ARLINGTON, Texas -- Before the Seattle Seahawks’ offense took the field down 12-10 with 6:42 left in Sunday’s game against the Dallas Cowboys, quarterback Russell Wilson and coach Pete Carroll had a brief conversation.
"We were talking on the sideline with six minutes left," Carroll recalled. "And he says, ‘Hey, this is one of those games. We’ve got to go win it right now.’ He just doesn’t waver from that. That undying sense that something good will happen is alive in him."
The Seahawks went on to put together a 17-play, 79-yard drive that resulted in the decisive field goal by Steven Hauschka in Seattle's 13-12 win. Instead of what could have been a season-crippling loss, the Seahawks will go into the bye with a 4-4 record.
"It was right before we had our drive," Wilson said. "And I just kind of smiled at him and said, ‘This is what we’re here for.’ We enjoy those moments. I don’t fear ’em. I look forward to ’em."
This is a veteran group, and the Seahawks know every win is not going to be pretty. They’re aware the defense, which has not allowed a touchdown in the past eight quarters, is the strength of the team. And they surely would agree that 4-4 going into the bye sounds a little bit better than 3-5.
But questions remain about where this season is headed. The Seahawks' wins have come against quarterbacks Jimmy Clausen, Matthew Stafford, Colin Kaepernick and Matt Cassel. Those four wins were against teams with a combined record of 7-23. The four games Seattle has lost have been against teams that are 23-4.
"We made it back to even," Carroll said. "I don’t think it feels much different than it did last year. It was very similar. It’s unfortunate that it takes us a while. We’re working our way through it. If we’re able to put the second half together like we plan on, then we’ll be really proud of that. Where we are right now, I feel like we’re OK. I know nobody else probably does, but I feel like we’re OK right now, and we’re ready to work."
Carroll is in many ways defined by his optimism, and the players in the locker room have fed off it.
But can this team accomplish what last season's group did? The 2014 Seahawks started 3-3 before winning nine of their final 10 and advancing to the Super Bowl.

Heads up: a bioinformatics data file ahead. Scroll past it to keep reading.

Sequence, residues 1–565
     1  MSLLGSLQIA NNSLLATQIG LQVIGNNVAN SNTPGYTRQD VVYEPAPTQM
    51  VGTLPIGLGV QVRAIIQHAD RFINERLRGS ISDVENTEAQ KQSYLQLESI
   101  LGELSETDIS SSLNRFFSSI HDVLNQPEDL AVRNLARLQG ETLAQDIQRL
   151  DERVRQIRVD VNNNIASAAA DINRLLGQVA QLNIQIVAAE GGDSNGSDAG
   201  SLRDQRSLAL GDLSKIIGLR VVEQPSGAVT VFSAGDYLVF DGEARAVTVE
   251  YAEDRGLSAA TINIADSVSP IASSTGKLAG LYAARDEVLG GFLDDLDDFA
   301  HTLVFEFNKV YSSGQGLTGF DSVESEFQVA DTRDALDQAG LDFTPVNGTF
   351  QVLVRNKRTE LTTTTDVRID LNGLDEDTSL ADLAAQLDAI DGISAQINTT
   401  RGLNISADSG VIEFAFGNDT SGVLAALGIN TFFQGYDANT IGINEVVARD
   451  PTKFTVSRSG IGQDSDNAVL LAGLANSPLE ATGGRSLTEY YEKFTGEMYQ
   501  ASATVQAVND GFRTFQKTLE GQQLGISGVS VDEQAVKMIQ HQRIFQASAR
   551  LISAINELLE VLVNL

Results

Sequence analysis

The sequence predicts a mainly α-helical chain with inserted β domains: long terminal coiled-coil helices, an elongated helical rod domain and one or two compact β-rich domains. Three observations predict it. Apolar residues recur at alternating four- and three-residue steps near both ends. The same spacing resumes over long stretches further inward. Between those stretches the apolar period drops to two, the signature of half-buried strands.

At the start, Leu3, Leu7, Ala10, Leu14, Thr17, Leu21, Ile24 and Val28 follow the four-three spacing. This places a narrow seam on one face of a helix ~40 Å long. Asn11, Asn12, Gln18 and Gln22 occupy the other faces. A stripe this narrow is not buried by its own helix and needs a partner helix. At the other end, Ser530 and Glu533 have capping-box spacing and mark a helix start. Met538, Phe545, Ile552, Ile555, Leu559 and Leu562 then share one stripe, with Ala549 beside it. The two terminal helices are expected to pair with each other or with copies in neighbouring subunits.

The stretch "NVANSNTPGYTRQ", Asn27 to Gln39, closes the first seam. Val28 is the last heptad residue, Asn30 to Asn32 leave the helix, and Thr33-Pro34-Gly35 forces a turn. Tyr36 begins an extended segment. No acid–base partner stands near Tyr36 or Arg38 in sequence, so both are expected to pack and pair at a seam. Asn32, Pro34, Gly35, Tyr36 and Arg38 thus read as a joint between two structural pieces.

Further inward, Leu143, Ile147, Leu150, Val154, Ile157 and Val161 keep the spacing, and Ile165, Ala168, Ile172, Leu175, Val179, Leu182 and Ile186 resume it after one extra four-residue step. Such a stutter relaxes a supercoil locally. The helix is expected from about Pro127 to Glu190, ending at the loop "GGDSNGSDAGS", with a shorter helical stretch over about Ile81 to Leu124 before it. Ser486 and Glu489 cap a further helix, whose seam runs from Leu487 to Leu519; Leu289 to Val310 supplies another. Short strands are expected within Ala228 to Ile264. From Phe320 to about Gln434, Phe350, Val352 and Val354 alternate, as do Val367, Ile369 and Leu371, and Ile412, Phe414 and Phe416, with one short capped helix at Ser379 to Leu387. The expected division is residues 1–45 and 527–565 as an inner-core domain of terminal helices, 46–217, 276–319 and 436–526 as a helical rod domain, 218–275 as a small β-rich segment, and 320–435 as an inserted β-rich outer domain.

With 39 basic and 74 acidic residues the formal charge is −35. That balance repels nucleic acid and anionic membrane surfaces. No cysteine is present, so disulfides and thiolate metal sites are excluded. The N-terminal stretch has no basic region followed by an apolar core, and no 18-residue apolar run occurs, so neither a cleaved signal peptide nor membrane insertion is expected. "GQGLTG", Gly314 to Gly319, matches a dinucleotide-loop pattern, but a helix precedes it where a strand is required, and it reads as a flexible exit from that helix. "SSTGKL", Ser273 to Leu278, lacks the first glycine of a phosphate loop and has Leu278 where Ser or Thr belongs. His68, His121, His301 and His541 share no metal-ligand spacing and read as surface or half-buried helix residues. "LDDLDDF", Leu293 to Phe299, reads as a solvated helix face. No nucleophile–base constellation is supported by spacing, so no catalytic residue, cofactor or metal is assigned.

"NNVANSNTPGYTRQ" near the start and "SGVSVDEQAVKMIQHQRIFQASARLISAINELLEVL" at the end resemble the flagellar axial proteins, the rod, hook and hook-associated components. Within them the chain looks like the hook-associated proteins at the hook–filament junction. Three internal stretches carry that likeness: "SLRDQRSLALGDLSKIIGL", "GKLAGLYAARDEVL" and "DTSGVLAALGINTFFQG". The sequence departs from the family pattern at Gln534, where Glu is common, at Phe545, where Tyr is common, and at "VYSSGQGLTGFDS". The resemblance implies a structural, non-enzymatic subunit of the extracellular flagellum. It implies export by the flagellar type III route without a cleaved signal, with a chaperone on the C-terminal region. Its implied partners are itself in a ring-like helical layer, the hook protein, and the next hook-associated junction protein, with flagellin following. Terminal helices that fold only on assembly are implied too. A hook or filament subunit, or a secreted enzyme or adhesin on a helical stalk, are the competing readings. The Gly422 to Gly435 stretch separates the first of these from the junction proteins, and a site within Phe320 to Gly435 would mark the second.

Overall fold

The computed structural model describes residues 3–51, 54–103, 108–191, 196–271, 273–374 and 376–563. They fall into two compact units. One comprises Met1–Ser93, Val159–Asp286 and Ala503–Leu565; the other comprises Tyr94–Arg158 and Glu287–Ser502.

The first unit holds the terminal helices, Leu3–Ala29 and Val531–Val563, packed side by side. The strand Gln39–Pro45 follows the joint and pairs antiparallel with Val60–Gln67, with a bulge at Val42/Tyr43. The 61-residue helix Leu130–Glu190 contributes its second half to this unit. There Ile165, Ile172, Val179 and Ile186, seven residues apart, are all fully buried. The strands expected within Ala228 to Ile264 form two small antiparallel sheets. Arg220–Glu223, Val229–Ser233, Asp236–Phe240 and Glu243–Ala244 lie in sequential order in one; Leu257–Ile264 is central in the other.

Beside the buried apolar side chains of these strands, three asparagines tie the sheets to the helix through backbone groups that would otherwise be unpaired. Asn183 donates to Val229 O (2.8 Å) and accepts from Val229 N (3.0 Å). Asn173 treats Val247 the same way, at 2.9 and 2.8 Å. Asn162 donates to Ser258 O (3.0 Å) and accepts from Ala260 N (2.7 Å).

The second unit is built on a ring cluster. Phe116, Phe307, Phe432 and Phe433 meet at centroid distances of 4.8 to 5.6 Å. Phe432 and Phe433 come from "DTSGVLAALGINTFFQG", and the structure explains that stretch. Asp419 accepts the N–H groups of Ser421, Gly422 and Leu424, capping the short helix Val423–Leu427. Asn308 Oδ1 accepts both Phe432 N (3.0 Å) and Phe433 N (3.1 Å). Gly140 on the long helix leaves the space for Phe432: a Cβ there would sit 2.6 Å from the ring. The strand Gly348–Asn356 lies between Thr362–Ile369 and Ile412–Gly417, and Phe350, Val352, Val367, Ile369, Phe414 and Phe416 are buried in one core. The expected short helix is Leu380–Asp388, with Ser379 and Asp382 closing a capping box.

The defense is playing at a high level. The Seahawks have not allowed a touchdown in their past two games. And perhaps most importantly, they’ll have all 11 starters healthy when they return to practice next week.
The offense is a different story. Carroll and Wilson have the right to point to the final drive, which led to a victory. But the bottom line is this was an ugly offensive performance against a defense that has been mediocre at best.
On nine offensive possessions, the Seahawks managed one touchdown and two field goals. They had four three-and-outs and once again lost the turnover battle after Wilson threw his sixth interception of the season. (Wilson had seven picks all of last season.)
Asked if he has a sense that everything’s coming together, Carroll said: "Yeah, I do feel like that. They feel like that, too. I think last week had something to do with that also. We know that we played really well in those couple of games we let get away from us against Cincinnati and Carolina. We knew that. We knew what happened, and unfortunately, they got away from us. Those are games that you look at the other way around -- those could have been dominant games for us, and we didn’t get it done. It’s there to be had."
The Seahawks are healthy on offense, too. Left tackle Russell Okung is expected to be back after the bye. And the offensive line didn’t give up a sack Sunday. But the inconsistency has been maddening. Wilson has been throwing well from the pocket for most of the season, but he was erratic against the Cowboys, going 19-of-30 for 210 yards, a touchdown and an interception.
Marshawn Lynch is averaging 3.64 yards per carry, which ranks 40th out of 50 qualifying players, according to ESPN Stats & Information. If that number stays steady, it would be the second-worst mark of his career and a full yard worse than last season’s average.
The Seahawks entered Sunday with the worst red zone touchdown percentage (33.3) in the NFL, and they went 0-for-2 against the Cowboys.
The bottom line is Sunday’s win did very little to answer questions about the direction of this team. It’s reasonable to expect the defense to play at a Super Bowl level in the second half of the season.
And while the offense doesn’t have to be an elite unit, it needs to play better than it's playing right now. That’s where the fixes are needed if the Seahawks are going to go on a run after the bye.